I would bridge Riley at the turn of the century and his psychological portrait of Joseph Smith, a Yale Ph.D., and it really laid out the arguments, the anti-masonry, anti-Catholicism arguments that Faun Brodie picked up on later.Â It was marred by its unrelenting sarcastic tone, he was just scornful first word to last, but he actually had a lot to say, and so it has to go on the list.Â And then of course Faun Brodie, which Iâ€™m now beginning to see could be thought of as a positive work.Â Mormons couldnâ€™t stand it of course.Â But in terms of non-Mormon books written about Joseph Smith, it was a relatively sympathetic portrait.Â I still have friends who say they think it is a very sympathetic portrait of Joseph Smith and of course Mormons are mystified by how anyone can say that.â€
JD, â€œI see what youâ€™re saying.Â I left No Man Knows My History thinking that he was brilliant, that he was a genius and a was a good-hearted man.â€
Bushman, â€œYeah, well, thatâ€™s exactly what I wanted to say.Â The final book I put on the list would be Donna Hill, which I thought was a lot of historical substance there because Marvin Hill, her brother was helping her, and a nicely written piece, but not much on Josephâ€™s thoughts.Â Through it all, that is what I felt was missing was his religious life and theological mind, and so finally I decided that was why I needed to write a book that would fill out that side of his character.â€
JD, â€œYouâ€™re a humble man so youâ€™re not going to grasp this, but were you hoping to write the definitive biography or is that just a silly word altogether?â€
Bushman, â€œItâ€™s a silly word.Â No one can ever define Joseph Smith permanently.Â I was very conscious that this was just one view of Joseph.Â Someone can go through and tell another story entirely. But I wanted it to be a view that would explain why so many really substantive people joined the church, and could continue to believe that Joseph Smith.Â The great dilemma in writing about Joseph Smith is you start with the gold plates and end with polygamy, he really comes across as a scalawag, and a fraud, but then youâ€™ve got the problem, why did so many people believe in him?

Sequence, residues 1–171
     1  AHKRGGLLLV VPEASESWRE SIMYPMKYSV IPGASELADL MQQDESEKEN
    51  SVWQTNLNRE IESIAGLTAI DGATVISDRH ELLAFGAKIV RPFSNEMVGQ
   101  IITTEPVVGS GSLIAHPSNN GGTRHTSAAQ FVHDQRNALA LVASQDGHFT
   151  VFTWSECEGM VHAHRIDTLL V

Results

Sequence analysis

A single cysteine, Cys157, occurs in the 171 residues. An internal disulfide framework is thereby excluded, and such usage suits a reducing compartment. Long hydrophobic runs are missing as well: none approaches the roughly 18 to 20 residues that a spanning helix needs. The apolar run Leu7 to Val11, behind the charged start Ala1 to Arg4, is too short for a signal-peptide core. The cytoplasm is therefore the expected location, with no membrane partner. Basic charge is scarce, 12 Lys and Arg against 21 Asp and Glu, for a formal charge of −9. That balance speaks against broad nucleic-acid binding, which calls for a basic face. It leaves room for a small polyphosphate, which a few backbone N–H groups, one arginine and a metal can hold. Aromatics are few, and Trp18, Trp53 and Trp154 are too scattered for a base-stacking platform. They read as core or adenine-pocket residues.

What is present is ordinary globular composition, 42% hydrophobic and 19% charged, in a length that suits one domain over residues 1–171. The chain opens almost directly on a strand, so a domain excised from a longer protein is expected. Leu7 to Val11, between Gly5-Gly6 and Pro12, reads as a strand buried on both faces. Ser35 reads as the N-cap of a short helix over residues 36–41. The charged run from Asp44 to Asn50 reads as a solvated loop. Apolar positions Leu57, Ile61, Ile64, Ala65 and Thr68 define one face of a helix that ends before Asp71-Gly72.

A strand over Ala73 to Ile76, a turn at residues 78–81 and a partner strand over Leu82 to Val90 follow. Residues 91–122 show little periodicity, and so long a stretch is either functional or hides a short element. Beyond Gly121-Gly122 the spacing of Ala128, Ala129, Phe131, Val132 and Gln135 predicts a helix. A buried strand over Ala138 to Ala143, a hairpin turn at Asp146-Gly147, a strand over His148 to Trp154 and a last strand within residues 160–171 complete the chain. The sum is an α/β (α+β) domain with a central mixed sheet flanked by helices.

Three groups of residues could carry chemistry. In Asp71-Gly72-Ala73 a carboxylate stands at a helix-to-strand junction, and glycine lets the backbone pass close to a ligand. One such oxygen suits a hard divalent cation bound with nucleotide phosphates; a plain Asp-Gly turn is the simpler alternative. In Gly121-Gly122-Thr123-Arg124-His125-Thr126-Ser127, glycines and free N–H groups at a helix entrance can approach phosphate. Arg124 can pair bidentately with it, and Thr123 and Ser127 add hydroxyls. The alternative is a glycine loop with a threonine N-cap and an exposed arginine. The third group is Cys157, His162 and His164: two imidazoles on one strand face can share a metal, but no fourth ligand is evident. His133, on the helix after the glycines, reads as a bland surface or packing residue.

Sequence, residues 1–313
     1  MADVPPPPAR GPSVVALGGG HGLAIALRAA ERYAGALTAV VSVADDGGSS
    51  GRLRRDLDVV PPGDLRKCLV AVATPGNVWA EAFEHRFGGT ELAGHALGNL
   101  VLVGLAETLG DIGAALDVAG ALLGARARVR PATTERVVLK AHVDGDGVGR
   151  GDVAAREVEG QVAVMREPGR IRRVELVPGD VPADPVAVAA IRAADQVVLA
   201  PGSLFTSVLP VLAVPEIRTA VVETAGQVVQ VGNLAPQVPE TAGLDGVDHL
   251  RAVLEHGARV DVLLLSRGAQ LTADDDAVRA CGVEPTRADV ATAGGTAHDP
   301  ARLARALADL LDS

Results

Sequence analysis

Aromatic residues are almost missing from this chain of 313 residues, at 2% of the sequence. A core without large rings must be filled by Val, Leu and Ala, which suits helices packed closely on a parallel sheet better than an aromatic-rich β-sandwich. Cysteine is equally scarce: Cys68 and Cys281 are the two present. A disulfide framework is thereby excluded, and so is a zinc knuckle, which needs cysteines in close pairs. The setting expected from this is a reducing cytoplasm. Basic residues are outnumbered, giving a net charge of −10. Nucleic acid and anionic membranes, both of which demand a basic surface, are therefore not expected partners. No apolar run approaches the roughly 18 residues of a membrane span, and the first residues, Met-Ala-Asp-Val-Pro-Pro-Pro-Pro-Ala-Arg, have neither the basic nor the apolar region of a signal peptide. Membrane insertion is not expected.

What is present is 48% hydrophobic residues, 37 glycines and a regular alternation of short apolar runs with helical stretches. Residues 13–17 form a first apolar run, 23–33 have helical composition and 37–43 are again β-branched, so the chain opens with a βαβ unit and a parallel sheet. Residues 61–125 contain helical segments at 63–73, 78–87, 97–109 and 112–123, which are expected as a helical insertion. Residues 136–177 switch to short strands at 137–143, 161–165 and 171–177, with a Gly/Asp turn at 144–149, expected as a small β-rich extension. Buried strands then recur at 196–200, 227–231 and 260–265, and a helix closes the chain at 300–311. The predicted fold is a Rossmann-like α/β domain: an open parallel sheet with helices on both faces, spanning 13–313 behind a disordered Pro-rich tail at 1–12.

The substantive, sensible people like Brigham Young and Wilford Woodruff, and why do they still believe today?Â I wanted to be able to tell the story that would deal with all the facts but write it empathetically so that you could see the world from Joseph Smith and the Mormonsâ€™ point of view.Â But thatâ€™s just one angle.Â There are lots of other ways of telling that story.â€
JD, â€œSo this presents a bit of an interesting dilemma because I agree just focusing on the negative not only doesnâ€™t tell the full story, but it also comes across as being negative.Â As I talked to you before on how we might approach this podcast, I set it up from my own experience, and Iâ€™ll just recount that because it sort of sets up how weâ€™re going to approach this podcast.